Editor: I have been struck by some of the comments in letters to the editor opposing the county’s draft Affordable Housing Master Plan and Implementation Framework. A letter in the July 2 edition decries doing “radically more than our fair share,” which seems to be defined as more than what neighboring jurisdictions are doing. Yet, the writer doesn’t make clear why Arlington should be considered comparable to other jurisdictions.

The letter also assigns a $20,000 cost per year to students from families making less than an estimated $60,000 per year who move into new affordable units, ignoring data from recent affordable-housing projects that clearly show the overwhelming majority of families moving into those new units already live here and attend Arlington schools.

This kind of number crunching is not only misleading; sadly, it discriminates among students, assigning a cost to these students while seemingly ignoring the same cost of the children from families in single-family neighborhoods who are the primary source of our burgeoning school enrollment. It also treats our families, neighbors and co-workers as simply commodities to be assessed against bus stops, park space, school capacity and other physical needs.

I don’t understand this kind of calculation. Here’s what I do understand about Arlington’s affordability crisis:

* My daughter, a talented teacher, had to move away from Arlington, taking my granddaughters with her, because she couldn’t afford to pursue her profession and live here.

* Many young people in my Arlington faith community must move outside Arlington to find affordable housing, depriving us of their energy, ideas and civic contributions.

* Many older people who are still contributing to this county are being forced to move away from their faith community, family and friends because of high housing costs.

* The Arlington businesses that I frequent increasingly struggle with training workers who must live far away, only to lose them to jobs closer to home as those open up, putting strains on both cost and productivity.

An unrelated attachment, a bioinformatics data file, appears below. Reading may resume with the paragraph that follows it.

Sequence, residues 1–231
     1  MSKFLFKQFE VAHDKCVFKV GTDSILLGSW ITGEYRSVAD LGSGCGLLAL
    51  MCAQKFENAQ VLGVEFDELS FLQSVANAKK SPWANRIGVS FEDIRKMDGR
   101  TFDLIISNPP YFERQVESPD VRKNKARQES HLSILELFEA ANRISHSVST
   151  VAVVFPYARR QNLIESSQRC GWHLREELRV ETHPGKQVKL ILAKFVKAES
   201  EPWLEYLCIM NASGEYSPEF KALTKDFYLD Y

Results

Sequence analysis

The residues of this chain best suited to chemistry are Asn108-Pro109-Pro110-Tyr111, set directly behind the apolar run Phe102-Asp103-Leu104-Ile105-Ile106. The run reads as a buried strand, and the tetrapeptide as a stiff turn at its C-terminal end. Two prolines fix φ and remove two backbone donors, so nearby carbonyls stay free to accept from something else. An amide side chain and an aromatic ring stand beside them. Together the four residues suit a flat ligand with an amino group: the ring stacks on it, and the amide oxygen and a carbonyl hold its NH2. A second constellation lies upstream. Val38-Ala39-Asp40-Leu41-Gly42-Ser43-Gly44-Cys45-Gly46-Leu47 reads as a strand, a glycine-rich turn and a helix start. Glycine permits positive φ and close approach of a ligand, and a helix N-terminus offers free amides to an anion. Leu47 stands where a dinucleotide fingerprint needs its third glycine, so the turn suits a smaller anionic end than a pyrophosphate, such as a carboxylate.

* As I drive around the county that I have called home for 40 years, I struggle more and more with the traffic that results from growing numbers of people who can’t afford to live near their work traveling into Arlington.

The Affordable Housing Master Plan doesn’t attempt to redress the significant loss in market-rate units – 13,500 since 2000. It attempts to meet a need based on current conditions and expected employment, and the implementation framework makes clear that there is a myriad of ways to do that, none of which need to involve the undermining of single-family neighborhoods that opponents like to claim.

Arlington has employed the creativity and vision of its residents in the past to deploy innovative ways to make it, in the words of its vision statement, a diverse and inclusive, world-class urban community with secure, attractive residential and commercial neighborhoods where people unite to form a caring, learning, participating, sustainable community in which each person is important. We can do so again.

Pass the Affordable Housing Master Plan in September, and let’s get to work! Our economic sustainability and community depend on it.

Robert Buckman, Arlington

 

(2) comments

Dave Schutz

I had a letter printed in the July 2 Sun Gazette (“Housing Plan Has Makings of Another Streetcar Fiasco”) and now there is this response from Robert Buckman posted July 8 and printed (truncated) in the July 16 Sun Gazette (“County Housing Proposal Aims At Meeting Real Need”). Mr. Buckman says he does not understand why it should be a concern that Arlington spending on subsidized housing is three to five times as high, as a fraction of our budget, than is being spent in neighboring jurisdictions. I’d like to be helpful to him in understanding this - the Affordable Housing Master Plan calls for a very high level of spending on subsidizing housing in Arlington, a very substantial increase from the current level which is already a multiple of that being spent in neighboring jurisdictions. Unless its passage ends up being empty words, its recommendations will crowd out spending for parks, for schools, for police and fire services. Looking at the actions of our neighbors can help us think what’s plausible for us.